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UI study explains positive impacts from child tax credit program to vulnerable families

A person walks across the quad of the University of Illinois Urbana-Champaign

A University of Illinois research team has published a study on the impact of assistance programs on vulnerable families.

According to a new report from the Project for Middle Class Renewal at U of I, extending the child tax credit program beyond 2021 could promote financial stability in low-and-moderate-income families.

Dylan Bellisle is a postdoctoral research associate who worked on the report.

He says the team looked at the possible impact of expanding child tax credit by comparing it with a similar program, the earned income tax credit.

Bellisle said recurring tax payments not only help families make ends meet, but can also have positive health effects.

“Those who received periodic EITC payments, so recurring tax payments over time, reported less food insecurity, financial hardship, financial stress, and even they reported less depressive symptoms,” said Bellisle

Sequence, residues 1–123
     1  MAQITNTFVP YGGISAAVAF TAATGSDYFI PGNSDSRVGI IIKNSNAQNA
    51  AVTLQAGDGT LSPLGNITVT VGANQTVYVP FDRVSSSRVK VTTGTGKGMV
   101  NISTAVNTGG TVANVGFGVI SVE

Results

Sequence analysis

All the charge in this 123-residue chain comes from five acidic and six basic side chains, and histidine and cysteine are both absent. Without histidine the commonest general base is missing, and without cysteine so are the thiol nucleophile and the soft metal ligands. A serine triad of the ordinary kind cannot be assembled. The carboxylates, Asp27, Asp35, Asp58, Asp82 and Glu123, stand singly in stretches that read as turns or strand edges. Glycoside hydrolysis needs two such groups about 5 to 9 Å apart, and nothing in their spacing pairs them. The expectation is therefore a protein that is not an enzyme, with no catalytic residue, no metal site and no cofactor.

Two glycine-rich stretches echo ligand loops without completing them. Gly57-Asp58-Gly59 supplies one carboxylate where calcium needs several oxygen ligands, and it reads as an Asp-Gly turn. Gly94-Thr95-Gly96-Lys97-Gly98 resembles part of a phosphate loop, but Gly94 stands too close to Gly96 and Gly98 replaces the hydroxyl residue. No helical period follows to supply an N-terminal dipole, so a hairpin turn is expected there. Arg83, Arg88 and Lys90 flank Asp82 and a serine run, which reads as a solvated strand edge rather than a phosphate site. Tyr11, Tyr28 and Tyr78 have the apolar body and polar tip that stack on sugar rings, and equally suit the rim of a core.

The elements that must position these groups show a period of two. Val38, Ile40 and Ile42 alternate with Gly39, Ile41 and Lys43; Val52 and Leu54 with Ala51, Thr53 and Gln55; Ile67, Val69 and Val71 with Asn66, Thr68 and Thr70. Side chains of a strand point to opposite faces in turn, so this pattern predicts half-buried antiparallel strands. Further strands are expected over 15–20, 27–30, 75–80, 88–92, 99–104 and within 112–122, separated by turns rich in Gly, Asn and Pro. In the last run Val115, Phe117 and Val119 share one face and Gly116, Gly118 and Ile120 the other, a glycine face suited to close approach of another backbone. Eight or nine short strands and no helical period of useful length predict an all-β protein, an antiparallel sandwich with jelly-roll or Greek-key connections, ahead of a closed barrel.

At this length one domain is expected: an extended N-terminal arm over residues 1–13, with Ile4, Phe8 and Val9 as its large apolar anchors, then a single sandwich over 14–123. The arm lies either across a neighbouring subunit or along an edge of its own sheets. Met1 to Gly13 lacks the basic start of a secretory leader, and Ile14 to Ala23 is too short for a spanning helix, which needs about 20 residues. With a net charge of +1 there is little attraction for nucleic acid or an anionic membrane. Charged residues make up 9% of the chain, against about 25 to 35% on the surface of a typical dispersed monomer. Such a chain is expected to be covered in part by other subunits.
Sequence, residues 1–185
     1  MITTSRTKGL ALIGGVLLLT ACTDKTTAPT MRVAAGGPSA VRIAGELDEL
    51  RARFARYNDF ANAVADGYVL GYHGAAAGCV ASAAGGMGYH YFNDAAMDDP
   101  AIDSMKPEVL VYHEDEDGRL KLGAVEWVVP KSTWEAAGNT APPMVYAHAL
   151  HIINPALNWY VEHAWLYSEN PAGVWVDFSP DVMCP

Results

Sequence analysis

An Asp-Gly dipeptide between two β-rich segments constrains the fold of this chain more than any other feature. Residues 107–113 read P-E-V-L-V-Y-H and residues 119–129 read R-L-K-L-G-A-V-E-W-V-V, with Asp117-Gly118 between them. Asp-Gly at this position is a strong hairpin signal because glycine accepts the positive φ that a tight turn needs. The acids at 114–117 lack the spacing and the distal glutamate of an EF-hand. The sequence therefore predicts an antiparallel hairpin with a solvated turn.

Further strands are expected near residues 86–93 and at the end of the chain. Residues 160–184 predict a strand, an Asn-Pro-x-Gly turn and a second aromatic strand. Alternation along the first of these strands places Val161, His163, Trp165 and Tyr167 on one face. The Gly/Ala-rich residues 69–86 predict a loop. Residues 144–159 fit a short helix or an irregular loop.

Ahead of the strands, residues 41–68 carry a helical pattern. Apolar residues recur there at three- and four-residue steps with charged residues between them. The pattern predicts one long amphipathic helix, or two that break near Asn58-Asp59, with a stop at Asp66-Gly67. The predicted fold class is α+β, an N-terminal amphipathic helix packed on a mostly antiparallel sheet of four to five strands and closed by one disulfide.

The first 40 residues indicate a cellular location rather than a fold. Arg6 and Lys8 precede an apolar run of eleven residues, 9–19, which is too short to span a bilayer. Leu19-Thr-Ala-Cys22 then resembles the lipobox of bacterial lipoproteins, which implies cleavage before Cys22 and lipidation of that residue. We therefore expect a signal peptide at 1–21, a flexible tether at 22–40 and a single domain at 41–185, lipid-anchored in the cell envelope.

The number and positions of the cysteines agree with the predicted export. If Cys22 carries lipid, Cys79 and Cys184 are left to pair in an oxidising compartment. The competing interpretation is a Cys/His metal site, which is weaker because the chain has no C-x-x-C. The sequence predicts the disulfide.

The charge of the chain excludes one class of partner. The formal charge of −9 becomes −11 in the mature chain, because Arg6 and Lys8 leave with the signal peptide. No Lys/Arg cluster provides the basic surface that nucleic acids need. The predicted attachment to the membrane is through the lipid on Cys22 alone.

Bellisle said he hopes that their study will address gaps in family budgets due to their limited income or even their income instability with the help of the Child Tax Credit program.

“And so while this is not necessarily surprising, I do think it’s important because prior to the monthly child tax credit payments, we really had few policies that would help families reduce their economic hardship on an ongoing basis,” Bellisle said.


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Luis Velazquez-Perez

Luis Velazquez-Perez

Luis Velazquez- Perez recently earned a B.S. in Journalism with a minor in Latina/Latino studies at the University of Illinois at Urbana-Champaign. He is now pursuing his Master's in Journalism. Aside as an intern at Illinois Newsroom, Velazquez-Perez has written for The Daily Illini, Cicero Independiente and C-U CitizenAccess. He aspires to be a bilingual public radio journalist

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